The KA SAT satellite that will provide greatly expanded broadbeam internet services to European and Mediterranean businesses and homes was launched on Sunday, December 27 as shown in a Networkworld YouTube Video. The satellite was released after 9 hours and 12 minutes of flight.
This is a big launch and a big event. The satellite carries 82 spotbeams that have a total capacity of 900 megabytes per second (mbps). The spotbeams will communicate with 10 ground stations to produce more capacity than any other satellite/ground station deployment in the world.
In addition, the KA SAT system produces over 70 Gbps of throughput to support Earthbound users who do not get service from terrestial internet services. Throughput is the amount of data in packets or in bits per second that can be transmitted over a communication channel.
Top News reports that International Launch Services (ILS), a Virginia based company that has exclusive rights to the commercial sales and mission management of the KA SAT and other satellites that are launched from Russian Proton Breeze class rockets like the one that was launched on Sunday.
The firm that commissioned the flight is Eutelsat Communications. Based in Paris, France, the firm bills itself as one of the top three fixed satellite operators in the world and as a leading European satellite firm.
Since 1996, Russia has offered a Proton family of launch vehicles with an upper stage propellant that can be stored. This makes the vehicle more economical to fly. The Proton Breeze series has allowed the launch and deployment of many communication satellites into geosynchronous orbit and is usually built and launched for commercial missions. All proton class vehicles are built at the Krunichev plant in Russia, then transported to the Baikonur Cosmodrome for launch, according to a Wikipedia article.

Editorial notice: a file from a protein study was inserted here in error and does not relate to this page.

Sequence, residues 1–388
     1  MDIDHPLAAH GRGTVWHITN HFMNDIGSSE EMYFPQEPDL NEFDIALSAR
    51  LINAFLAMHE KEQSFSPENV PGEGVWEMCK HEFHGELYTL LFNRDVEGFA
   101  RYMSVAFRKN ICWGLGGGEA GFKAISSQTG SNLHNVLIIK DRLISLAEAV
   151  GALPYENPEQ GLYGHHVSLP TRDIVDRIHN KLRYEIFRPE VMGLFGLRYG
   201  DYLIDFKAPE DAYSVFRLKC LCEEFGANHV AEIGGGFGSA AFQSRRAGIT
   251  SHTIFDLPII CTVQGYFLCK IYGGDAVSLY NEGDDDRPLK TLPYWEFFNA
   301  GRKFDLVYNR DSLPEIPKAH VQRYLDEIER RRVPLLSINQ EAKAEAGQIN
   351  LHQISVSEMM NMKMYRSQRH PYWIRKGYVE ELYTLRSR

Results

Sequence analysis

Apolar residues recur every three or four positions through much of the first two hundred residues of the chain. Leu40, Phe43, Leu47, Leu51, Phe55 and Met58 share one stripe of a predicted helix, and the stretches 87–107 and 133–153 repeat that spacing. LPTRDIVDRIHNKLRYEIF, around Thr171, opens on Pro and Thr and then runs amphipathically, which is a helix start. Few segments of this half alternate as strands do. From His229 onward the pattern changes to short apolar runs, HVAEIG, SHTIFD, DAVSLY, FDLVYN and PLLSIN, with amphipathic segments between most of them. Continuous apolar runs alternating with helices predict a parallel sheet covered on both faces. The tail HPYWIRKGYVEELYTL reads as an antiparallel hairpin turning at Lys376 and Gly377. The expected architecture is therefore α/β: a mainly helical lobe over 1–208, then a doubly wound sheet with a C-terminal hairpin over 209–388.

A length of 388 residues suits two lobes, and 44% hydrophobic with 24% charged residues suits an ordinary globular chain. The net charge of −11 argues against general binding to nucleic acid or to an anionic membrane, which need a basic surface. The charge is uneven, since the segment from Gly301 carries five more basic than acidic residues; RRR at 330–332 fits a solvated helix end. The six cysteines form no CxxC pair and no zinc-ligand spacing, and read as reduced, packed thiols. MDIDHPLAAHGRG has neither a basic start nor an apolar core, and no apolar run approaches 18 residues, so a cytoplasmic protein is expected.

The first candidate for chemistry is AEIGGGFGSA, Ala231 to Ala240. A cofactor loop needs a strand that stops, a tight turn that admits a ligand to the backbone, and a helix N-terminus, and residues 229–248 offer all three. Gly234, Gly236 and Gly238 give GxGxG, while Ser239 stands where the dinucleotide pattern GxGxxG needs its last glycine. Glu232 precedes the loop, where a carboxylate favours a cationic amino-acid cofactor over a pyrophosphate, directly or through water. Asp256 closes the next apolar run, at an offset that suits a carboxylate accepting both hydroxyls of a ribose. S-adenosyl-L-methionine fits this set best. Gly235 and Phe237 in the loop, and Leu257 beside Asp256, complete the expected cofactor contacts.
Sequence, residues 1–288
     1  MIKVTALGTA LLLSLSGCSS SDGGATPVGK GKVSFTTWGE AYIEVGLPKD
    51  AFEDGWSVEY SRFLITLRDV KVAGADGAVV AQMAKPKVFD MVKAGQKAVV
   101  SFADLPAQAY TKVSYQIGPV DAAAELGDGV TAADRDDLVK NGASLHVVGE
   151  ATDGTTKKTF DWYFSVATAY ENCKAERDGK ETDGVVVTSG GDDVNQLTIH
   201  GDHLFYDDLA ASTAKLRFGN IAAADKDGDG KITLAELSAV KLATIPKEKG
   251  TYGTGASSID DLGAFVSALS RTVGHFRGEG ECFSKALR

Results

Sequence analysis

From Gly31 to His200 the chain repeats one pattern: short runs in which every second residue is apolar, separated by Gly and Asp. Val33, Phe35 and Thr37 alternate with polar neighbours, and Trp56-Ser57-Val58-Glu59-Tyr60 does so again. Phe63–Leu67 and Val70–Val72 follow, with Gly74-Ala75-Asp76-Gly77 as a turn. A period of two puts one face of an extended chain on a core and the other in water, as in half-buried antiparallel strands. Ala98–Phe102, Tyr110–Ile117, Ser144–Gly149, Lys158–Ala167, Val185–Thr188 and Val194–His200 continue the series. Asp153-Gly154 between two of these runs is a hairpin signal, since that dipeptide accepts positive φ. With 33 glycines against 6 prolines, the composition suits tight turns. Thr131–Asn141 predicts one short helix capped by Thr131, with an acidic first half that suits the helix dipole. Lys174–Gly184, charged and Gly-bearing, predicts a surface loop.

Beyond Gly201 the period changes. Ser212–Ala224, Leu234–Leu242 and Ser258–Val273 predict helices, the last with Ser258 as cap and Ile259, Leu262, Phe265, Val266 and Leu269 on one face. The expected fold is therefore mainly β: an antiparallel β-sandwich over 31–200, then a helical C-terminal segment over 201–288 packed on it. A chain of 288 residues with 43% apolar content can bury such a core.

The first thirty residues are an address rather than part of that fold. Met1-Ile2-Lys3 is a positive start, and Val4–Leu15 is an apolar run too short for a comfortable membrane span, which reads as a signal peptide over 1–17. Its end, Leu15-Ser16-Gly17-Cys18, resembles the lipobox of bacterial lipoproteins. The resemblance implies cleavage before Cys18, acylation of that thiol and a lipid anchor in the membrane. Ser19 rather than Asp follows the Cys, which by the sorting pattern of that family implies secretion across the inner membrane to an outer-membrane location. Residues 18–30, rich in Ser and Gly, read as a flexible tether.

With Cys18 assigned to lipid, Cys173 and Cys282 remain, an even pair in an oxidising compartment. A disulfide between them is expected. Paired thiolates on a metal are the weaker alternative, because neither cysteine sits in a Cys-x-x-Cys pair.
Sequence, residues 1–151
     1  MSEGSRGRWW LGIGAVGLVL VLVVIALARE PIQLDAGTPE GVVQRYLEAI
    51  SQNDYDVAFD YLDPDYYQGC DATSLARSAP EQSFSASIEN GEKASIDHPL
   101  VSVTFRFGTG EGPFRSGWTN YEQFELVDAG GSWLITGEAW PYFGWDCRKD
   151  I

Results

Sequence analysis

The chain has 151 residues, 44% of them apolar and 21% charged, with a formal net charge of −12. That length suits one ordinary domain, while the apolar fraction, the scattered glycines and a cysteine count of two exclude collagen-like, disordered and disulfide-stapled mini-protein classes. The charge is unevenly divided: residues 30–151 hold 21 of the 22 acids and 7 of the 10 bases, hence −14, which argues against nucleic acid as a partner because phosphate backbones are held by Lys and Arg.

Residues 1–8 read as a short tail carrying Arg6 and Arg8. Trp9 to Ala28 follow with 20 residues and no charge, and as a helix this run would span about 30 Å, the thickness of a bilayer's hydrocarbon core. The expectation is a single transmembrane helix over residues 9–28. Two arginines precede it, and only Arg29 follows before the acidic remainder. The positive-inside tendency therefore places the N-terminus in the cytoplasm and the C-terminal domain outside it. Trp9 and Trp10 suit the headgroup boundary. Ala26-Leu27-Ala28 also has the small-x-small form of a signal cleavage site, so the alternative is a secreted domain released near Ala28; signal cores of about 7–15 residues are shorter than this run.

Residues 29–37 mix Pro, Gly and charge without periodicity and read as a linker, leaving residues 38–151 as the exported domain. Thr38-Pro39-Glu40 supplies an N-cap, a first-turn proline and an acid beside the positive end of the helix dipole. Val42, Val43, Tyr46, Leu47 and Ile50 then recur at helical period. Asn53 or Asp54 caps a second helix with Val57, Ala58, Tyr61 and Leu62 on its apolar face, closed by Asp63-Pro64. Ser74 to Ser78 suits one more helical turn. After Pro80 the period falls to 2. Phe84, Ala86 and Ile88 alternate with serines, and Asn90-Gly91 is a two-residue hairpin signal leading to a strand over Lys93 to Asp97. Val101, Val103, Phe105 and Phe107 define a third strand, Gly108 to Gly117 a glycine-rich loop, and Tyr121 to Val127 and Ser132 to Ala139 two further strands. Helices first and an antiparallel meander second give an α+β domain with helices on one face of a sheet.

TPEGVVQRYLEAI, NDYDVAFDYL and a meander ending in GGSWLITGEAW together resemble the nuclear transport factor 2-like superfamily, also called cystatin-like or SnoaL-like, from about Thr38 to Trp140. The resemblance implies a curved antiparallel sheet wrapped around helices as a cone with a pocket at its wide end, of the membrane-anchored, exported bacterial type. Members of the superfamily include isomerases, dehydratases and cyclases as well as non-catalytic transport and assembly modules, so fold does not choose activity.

The Proton Breeze class had its first successful launch in 2002, shortly before the 300th successful launch of any proton family vehicle. since the first commercial launch in 1996.
Spot beam technology refers to the focused transmission of data through multiple beam antennas (MBA). There are Ka-band (27 GHz to 40 GHz) frequencies, there are pencil-like spot beams and there is something called bent pipe technology.
Spot beams involve using several beams to provide the same coverage as single beams of another type. Each spot beam could be compared to a cell in a cellular network. The spot beam technology is desirable for some things because the frequency spectrum can be reused multiple times.
As a result, the KA SAT system launch is not just for the technology buffs. The impact of proton space vehicles, spot beams and multinational efforts to get commercial infrastructures into space reveals an effort to bring vastly more communication ability to many in the world who do not have it.